Hello dewi users! (Yes, all three of you.)

I started developing dewi in 2010. Back then I did two releases in less than a week. And now the third release gets out more than six years later. There are a number of reasons for the amount of time this took: I made a few mistakes in dewi's design, and fixing them took some effort. Spare time got really scarce. I wasted some time implementing features, that should never have been part of dewi (because they were features, my previous solution to this problem had). I wanted lots of features, that took a while to finish. Because the new release would definitely break backwards compatibility, I was working on a separate branch called “onward”, that basically only I used. And finally, since the code in that “onward” branch worked for me (I knew its shortcomings and worked around them), I could not motivate myself to fix all the outstanding issues and add proper documentation for all that had changed. Therefore nothing happened.

In the meantime, other systems like vcsh, rcm or homesick have emerged. Really, there are tons of systems like these out there, these are just a few of them that get mentioned to me more often than the others. Some of these systems hard depend on a version control system — usually git — and even have it at their absolute centre of implementation. Others just made pretty weird design decisions, that make me feel uneasy. And yet others are just a little limited in what they can actually do (basically just symlink a file). I still prefer dewi over everything I have looked at in any sort of detail.

Earlier, I mentioned some mistakes in dewi's design. Let's take a look at some of them: First, I should have never depended on ‘make’: Dewi only used it to call the dewi script (from .dewi/bin) and because the "make deploy" looks pretty. But there's no feature in make that the basic dewi features actually need. And then you just end up with a bunch of downsides, like:

  • Superfluous dependency, that a target system has to satisfy
  • Proper portable make code is actually not that easy, and I always get issues on OpenBSD systems for example.
  • Using make required a Makefile in each dewified sub-directories to exist. Which means that you pollute the sub-directory's version control history with changes to that file each time dewi updates it.
  • If someone wants to use make as part of their deployment system, they can use it on top of a make-less dewi-system at will.
  • Needlessly complicates the whole system.

You can think of more. It was just wrong to use ‘make’.

And the second major mis-design was the case of keeping the code for dewi in the dot-dewi sub-directory. The idea was to ensure, that the deployment process doesn't ever break due to changes in dewi that might be in updated system version. That's still a moot point however, since nobody keeps someone from installing a fixed version of dewi into ‘~/bin’ and never ever change it. Dewi can be used from its source directory as well and its non-standard dependencies (dewi's implementation language, Perl, is installed on virtually all systems I have come across) are optional dependencies; no need to install anything. Instead, keeping the script in the ‘.dewi/’ directory made the system much less clear and much more confusing.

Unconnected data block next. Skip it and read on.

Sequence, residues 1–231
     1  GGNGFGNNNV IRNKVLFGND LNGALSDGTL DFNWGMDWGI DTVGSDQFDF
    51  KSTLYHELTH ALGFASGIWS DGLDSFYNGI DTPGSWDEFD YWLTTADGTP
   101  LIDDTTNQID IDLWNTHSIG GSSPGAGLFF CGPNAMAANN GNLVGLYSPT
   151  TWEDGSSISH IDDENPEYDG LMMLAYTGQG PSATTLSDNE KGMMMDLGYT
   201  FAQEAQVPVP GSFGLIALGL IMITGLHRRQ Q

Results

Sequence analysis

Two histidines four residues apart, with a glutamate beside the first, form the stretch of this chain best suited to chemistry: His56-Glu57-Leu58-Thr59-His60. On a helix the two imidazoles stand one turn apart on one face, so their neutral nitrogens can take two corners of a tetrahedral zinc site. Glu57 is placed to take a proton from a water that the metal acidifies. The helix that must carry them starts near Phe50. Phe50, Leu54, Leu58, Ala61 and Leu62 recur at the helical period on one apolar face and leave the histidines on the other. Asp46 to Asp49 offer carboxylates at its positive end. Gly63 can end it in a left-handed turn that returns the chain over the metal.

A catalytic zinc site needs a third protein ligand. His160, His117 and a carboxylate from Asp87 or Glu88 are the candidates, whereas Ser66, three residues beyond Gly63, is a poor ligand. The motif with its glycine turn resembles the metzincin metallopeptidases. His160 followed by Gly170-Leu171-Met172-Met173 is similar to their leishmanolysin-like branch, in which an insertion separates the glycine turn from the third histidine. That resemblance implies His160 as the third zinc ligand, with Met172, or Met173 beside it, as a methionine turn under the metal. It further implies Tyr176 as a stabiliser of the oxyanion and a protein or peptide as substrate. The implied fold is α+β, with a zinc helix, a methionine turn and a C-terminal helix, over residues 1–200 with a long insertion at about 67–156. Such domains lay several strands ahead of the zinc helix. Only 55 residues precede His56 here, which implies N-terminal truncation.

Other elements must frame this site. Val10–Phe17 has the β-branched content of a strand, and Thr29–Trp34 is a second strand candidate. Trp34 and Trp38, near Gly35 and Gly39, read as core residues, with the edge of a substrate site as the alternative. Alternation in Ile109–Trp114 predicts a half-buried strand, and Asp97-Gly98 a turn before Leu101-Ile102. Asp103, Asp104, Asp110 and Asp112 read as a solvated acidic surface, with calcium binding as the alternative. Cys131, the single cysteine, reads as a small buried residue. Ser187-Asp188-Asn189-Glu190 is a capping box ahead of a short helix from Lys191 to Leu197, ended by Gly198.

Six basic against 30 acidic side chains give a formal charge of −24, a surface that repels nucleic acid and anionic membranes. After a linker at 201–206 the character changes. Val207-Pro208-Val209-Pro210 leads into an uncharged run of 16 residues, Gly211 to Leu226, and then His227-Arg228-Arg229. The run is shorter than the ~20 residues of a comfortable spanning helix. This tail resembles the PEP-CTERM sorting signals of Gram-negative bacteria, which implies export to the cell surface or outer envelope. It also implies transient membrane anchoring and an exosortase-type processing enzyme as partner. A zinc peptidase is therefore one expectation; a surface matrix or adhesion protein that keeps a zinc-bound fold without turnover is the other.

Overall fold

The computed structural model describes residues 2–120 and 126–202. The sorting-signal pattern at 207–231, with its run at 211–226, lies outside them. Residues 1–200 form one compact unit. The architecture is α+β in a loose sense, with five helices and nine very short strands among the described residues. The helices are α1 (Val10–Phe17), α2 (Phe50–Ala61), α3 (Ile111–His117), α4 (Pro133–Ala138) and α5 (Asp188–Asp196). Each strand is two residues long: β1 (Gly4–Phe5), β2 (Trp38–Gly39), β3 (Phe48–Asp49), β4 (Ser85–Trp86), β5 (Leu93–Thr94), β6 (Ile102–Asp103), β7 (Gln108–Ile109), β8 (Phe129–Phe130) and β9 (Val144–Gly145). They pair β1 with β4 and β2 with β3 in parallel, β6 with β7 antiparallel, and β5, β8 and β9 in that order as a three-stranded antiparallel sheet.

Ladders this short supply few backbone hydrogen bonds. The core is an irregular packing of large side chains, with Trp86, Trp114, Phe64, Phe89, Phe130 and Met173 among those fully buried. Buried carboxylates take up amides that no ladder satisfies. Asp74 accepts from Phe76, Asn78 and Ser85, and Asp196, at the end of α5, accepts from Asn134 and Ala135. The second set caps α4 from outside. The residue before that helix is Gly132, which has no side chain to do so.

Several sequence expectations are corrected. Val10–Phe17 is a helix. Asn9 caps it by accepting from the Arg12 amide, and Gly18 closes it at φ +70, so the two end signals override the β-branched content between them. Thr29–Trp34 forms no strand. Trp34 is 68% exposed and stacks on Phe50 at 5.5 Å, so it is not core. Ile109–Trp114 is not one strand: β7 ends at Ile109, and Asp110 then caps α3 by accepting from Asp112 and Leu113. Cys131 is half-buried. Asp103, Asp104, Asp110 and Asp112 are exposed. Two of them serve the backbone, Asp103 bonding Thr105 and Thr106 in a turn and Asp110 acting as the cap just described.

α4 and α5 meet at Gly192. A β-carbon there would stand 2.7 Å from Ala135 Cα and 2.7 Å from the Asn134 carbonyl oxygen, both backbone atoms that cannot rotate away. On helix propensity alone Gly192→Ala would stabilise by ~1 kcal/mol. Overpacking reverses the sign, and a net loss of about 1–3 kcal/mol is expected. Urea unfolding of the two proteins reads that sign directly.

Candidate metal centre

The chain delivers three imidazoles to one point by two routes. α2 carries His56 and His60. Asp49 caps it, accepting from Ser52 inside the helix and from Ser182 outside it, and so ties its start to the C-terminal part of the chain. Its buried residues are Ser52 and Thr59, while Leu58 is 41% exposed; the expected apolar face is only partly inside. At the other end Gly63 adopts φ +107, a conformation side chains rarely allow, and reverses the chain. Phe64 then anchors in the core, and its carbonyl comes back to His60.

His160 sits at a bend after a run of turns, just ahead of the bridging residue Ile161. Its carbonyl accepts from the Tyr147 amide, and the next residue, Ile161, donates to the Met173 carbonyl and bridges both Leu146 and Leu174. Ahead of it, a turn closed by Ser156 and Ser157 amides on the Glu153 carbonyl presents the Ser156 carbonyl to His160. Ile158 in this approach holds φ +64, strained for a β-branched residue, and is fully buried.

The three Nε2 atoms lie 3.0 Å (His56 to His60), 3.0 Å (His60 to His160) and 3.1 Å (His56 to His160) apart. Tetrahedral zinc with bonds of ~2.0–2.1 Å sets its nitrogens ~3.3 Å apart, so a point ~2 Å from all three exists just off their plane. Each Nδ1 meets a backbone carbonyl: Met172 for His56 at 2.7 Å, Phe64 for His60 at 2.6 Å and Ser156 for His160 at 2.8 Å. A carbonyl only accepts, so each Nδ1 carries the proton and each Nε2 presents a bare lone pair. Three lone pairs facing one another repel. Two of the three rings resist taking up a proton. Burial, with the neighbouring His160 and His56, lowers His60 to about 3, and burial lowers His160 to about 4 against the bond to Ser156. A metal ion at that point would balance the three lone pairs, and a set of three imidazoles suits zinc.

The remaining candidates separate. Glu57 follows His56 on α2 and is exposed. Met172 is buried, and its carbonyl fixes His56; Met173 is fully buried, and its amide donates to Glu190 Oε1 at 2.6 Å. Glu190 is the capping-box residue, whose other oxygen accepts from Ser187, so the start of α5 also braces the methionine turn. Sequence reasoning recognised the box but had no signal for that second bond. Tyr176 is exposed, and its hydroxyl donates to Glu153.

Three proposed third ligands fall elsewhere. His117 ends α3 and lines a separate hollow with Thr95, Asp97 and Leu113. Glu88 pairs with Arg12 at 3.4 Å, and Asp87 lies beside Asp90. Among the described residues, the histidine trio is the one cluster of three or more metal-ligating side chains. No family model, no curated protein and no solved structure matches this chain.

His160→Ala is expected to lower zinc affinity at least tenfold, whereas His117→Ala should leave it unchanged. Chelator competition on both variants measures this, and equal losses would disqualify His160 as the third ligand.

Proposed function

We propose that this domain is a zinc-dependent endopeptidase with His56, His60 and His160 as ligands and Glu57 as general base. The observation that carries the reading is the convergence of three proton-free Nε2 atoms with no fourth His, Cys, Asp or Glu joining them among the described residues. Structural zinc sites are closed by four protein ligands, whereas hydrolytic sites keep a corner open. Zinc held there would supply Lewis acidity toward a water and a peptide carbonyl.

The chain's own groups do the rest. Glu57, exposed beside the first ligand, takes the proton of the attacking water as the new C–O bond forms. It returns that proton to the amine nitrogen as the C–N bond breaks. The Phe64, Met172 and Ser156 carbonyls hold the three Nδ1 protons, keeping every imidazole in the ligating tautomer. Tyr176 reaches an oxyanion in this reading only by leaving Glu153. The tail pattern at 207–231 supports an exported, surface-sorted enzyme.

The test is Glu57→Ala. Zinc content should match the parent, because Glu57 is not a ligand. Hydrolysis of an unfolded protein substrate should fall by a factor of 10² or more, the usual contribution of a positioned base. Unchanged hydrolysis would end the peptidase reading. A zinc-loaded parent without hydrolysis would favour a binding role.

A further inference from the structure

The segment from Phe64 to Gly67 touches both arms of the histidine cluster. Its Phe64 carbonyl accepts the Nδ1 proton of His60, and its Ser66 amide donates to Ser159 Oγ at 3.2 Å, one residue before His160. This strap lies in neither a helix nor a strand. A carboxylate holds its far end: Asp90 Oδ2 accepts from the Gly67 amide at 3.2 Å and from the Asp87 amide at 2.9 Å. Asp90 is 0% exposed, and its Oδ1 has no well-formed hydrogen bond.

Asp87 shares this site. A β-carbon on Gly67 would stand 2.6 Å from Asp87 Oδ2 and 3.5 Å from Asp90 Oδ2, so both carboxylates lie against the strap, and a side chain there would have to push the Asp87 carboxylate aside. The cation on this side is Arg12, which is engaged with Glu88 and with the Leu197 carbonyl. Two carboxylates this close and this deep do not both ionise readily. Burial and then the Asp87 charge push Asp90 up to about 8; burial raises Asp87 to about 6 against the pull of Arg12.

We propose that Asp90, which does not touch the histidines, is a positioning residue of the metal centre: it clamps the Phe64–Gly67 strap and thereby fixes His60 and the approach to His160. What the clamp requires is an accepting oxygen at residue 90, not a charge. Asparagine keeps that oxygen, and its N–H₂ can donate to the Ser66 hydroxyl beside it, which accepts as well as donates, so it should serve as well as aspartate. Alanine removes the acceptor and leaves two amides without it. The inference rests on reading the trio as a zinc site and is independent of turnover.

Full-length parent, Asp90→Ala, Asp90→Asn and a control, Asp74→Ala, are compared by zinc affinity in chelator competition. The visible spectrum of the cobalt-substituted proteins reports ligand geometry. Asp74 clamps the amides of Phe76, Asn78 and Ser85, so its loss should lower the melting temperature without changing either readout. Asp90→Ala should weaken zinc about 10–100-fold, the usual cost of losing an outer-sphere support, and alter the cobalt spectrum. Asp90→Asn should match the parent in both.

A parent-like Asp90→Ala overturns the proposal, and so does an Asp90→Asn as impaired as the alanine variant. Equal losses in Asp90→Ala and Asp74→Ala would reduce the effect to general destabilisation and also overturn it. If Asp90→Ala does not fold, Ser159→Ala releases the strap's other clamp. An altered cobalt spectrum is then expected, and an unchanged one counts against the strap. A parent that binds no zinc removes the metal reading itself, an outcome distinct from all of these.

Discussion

These issues are both fixed now. Dewi is now a single command line tool, that ships all its code. And where you previously did this:

% make deploy

…you are now doing this:

% dewi deploy

To discuss all changes in dewi since version 0.2 would completely go beyond the scope of a single blog post. Instead, let me list a few highlights:

  • You can now apply filters when deploying files (useful, if your configuration files carry sensitive information).
  • You can now use multiple input files to deploy into a single destination file.
  • Dewi now lets you run your own code while it works, because it lets you define hooks.
  • Dewi now has better support for deploying large, recursive trees of files.
  • You can now deploy files with full support of templates using Perl's Template module (available from CPAN).

Another thing that may be interesting for a few users is the trivial call of its register() function: That one takes a string argument, that is the name of a source file. Its effect would be to deploy that file using the copy method, after the source file name was turned into a dot-file-name. Copying was the default choice of deployment, because it absolutely works everywhere.

However, sometimes you may want to take changes you do to source files immediately after saving them to disk. You may think “symbolic links!” right now and you would be right. The trivial call style of register() now allows the user to supply string-options. So now the canonical example of a Dewifile for a git-configuration that should be symlinked to its source looks like this:

register '--symlink', 'gitconfig';

For all details, take a look at the CHANGES and UPGRADING files as well as the new and updated manuals dewi(7), dewi(1) and dewifile(5) (see below).

I am planning to release version 1.0 of dewi based on version 0.3 once it had time to settle a little and have remaining bugs fixed, if they come up, and to have its documentation be polished further. I consider dewi to be pretty feature complete right now, which is why after 1.0 it'll go to maintenance mode.

Thanks for listening. ☺

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Posted Fri 29 Jul 2016 01:31:03 CEST Tags: